In a prior post, I suggested a Correctional Nurse Manifesto with seven propositions. This post discusses the meaning and importance of the third proposition:
Correctional nurses do not become cynical to the health requests of their patients
The night nurse was called to a housing unit because one of the inmates seemed to be seizing. When the nurse arrived, the patient was seen on the floor passed out. Her cellmate had called for help. The officers arrived to see the patient flailing about and babbling before passing out.
Correctional nurses have a particular struggle to remain objective in practice. Our patient population and care environment can lead us to become jaded and cynical. New nurses soon learn that some inmates seek services for reasons other than health needs. The prison culture can value manipulation, deception, and secondary gain. Nurses can unwittingly get caught up in a ‘game’ inmates are playing. Once burned in such a situation, a nurse can assume all inmates are looking for an angle when seeking health care.
Yet, many a correctional nurses has also been burned by assuming a patient is ‘faking it’ or being deceptive only to find that their health need was very real. What can correctional nurses do to protect themselves from manipulation while also guarding against jaded cynicism?
Reasons to be Skeptical
There are several reasons why cynicism so easily develops when dealing with our patient population.
1. Manipulation is a way of life: By the time many of our patients arrive in the facility, they have lived a life based on distrust, manipulation, and deception. It is how they view the world and how they have used their skills to obtain what they want.
2. Care may not be given if the symptoms are not severe: Some of our patients don’t think they will get the attention of officers or health care staff unless they exaggerate their symptoms. There may be a basis for their health care request but it may not be as severe as described or presented.
3. Health care is a way out of the facility: Other patients see health care as an opportunity to travel to the free world for hospital visits or specialty appointments. Every outside visit has the potential for contact with family and friends, or even an opportunity for escape.
4. Special treatment can bring status: In the stripped down prison society, health passes for lower bunks, special shoes, or lighter work details can bring status. Special food, like evening snacks for diabetics, or desirable medications, can be used for trade or barter in the prison black market.
5. Special treatment can bring safety: Many inmates feel vulnerable and unsafe in general housing units. A medical or mental health diagnosis may bring a more secure housing assignment and greater safety.
Ways to Remain Objectively Caring
Nurses working in correctional settings must understand the very real potential of deception in the patient population while maintaining a professional perspective on the nurse-patient relationship and the need to deliver appropriate health care. Here are several ways to remain objective when dealing with inmate-patient requests.
1. Listen to the patient: Keep an open mind when listening to your patient. Truly hear what they are saying about their symptoms. Listen for full descriptions. Be sure to objectively document these symptom descriptions and the circumstances of their emergence. This documentation has at least two uses. First, it validates the actions you will take during this encounter. Second, it provides a history for use with ongoing encounters. If a patient is ‘working the system’ it can become clear over time with solid documentation of symptoms. Good communication among the health care team is important. Listening to the patient also validates concern to the patient. This may encourage accurate description of the symptom if exaggeration is an issue. Listening can help determine if safety is a concern.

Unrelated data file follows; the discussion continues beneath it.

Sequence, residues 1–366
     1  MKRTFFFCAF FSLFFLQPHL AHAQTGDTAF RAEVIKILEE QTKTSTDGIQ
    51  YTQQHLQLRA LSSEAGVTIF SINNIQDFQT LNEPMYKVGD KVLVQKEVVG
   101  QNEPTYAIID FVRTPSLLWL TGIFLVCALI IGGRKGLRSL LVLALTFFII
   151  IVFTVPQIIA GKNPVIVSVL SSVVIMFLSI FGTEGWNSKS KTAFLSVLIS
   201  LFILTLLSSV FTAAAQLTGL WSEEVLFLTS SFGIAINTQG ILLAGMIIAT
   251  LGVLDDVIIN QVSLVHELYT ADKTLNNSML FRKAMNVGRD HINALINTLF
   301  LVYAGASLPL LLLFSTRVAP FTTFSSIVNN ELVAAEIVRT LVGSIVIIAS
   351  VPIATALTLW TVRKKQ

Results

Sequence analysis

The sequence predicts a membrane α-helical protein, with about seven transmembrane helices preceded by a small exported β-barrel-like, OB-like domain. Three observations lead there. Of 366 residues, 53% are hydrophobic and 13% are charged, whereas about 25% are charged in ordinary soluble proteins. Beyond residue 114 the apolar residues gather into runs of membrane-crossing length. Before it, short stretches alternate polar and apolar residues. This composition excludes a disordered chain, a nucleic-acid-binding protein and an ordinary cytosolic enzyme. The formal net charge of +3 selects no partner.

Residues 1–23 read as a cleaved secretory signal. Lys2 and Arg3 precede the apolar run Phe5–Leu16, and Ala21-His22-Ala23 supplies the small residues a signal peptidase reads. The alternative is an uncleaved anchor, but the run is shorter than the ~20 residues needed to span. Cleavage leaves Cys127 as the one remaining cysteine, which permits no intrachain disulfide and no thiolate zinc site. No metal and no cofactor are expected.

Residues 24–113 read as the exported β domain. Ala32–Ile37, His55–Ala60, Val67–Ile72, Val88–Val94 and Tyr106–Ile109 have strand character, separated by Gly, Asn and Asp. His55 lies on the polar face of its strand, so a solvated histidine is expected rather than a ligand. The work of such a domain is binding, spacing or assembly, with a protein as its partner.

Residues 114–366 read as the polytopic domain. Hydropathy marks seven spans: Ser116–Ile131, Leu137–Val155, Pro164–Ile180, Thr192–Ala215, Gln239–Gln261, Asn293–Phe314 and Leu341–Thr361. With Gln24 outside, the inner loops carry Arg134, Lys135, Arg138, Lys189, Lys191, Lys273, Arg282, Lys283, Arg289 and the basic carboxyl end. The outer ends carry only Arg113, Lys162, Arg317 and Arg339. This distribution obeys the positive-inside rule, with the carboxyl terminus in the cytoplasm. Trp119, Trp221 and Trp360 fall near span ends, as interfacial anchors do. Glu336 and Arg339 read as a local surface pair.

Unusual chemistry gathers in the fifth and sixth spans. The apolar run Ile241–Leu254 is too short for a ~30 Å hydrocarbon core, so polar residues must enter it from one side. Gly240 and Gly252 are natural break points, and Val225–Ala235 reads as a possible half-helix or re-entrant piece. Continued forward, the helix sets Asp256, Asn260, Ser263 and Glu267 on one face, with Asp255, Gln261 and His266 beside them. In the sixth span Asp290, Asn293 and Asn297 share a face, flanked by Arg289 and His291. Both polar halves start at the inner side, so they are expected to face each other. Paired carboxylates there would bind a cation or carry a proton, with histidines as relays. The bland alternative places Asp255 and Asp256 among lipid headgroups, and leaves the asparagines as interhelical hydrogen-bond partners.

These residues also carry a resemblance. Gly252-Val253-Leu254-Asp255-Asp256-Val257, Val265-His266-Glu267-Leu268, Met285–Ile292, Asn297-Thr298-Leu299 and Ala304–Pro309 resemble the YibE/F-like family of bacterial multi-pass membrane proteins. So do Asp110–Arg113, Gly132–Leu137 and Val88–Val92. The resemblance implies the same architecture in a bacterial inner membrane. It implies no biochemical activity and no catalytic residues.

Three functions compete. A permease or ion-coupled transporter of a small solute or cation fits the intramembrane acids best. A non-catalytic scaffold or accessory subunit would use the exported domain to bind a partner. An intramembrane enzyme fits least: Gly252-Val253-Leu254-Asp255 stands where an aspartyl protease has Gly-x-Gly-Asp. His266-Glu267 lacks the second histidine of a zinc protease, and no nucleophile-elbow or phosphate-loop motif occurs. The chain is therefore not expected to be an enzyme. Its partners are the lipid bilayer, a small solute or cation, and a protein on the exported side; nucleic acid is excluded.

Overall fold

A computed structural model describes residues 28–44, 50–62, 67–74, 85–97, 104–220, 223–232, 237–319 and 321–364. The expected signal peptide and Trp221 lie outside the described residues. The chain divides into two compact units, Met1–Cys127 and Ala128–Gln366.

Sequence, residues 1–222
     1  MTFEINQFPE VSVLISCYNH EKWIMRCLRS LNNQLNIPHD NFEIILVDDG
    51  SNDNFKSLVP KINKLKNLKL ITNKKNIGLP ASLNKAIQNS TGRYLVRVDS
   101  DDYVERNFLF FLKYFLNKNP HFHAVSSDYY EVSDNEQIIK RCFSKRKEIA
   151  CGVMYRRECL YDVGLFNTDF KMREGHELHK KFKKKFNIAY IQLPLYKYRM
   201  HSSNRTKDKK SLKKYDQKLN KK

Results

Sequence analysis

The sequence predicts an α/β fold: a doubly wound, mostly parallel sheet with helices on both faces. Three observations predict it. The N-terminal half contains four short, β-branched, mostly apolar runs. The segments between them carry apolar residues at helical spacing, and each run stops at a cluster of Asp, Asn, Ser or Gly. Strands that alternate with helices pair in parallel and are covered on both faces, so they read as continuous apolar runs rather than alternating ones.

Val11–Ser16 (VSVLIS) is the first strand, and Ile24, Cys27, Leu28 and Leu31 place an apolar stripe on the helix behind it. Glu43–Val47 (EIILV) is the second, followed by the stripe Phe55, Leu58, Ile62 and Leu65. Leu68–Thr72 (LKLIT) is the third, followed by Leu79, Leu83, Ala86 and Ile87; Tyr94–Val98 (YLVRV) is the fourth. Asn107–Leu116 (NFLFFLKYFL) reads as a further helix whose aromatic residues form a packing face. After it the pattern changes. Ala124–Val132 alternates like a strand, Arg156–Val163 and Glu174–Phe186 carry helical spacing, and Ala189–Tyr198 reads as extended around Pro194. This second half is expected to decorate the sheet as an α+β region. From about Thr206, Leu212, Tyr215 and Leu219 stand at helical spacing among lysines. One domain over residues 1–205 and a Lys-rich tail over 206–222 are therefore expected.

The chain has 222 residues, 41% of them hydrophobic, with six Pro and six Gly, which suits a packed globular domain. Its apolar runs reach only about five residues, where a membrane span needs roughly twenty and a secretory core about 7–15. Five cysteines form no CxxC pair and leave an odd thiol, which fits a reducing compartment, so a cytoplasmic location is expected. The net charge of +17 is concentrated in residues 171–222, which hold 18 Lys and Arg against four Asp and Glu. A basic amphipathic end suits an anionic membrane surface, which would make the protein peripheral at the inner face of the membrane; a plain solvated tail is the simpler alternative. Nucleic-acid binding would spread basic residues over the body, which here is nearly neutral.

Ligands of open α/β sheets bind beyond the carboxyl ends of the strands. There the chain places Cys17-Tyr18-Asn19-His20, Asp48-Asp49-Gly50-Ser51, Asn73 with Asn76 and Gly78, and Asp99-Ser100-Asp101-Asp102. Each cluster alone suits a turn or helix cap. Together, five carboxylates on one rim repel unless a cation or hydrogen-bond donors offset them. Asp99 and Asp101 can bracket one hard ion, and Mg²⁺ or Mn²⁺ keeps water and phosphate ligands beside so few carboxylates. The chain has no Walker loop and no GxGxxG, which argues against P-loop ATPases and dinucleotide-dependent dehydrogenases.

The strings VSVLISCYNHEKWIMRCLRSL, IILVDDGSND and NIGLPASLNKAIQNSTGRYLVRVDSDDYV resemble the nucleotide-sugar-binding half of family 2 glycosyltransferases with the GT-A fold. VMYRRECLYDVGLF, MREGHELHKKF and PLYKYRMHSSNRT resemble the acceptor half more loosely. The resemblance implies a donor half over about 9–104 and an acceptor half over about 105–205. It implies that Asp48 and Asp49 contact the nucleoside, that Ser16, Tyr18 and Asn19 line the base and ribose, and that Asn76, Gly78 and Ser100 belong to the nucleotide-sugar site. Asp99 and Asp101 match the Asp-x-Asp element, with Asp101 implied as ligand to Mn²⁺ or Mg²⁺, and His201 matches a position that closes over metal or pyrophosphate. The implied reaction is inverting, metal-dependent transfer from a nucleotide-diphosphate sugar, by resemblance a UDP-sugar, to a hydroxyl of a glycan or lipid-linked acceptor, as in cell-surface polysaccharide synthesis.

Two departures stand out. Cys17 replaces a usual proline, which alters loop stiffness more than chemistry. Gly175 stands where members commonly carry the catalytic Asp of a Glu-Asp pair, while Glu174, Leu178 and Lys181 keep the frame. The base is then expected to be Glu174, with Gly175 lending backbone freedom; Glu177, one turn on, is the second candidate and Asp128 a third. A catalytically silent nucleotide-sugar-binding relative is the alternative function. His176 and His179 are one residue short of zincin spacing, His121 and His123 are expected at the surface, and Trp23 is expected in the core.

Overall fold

2. Observe and document: Good observation and assessment skills are required in corrections. Document all observations with a keen eye toward those that validate or invalidate the patient’s stated symptoms. Accurate and thorough observations can help the healthcare team ‘get to the bottom’ of the symptoms, whether actual or fabricated.
3. Seek corroborating evidence: Validation of symptoms can also be obtained from others. Officers may observe patient activities in the housing unit and the exercise yard. Other team members such as social services, psychology, or medical staff may have corroborating evidence. This is why an integrated medical record can be so important. Be careful, however, to limit observations to objective data. Opinions and attitudes about motivations such as ‘drug seeking’ or ‘malingering’ have no place in the medical record.
4. Do not make assumptions: Even a patient who has invented illness in the past may have a serious medical need in a future encounter. It is unwise to assume that a patient is contriving the current symptoms. Every nurse-patient encounter deserves an objective evaluation.
Why Avoid Cynicism?
Wouldn’t it be easier to just assume patients are being manipulative and deceptive when they seek out healthcare? Some nurses think so. However, we forfeit our professional nursing values when we see every patient in this light. We are also risking missing important medical conditions and delivering substandard care that would be indefensible should a legal claim be brought. It is in our own best professional interests and in the best interests of our patients to develop skills in remaining both realistic about the characteristics of our patient population while remaining objective in our delivery of nursing care.
Have you struggled with cynicism in your correctional nursing practice? How did you pull out of it? Share your experiences in the comments section of this post.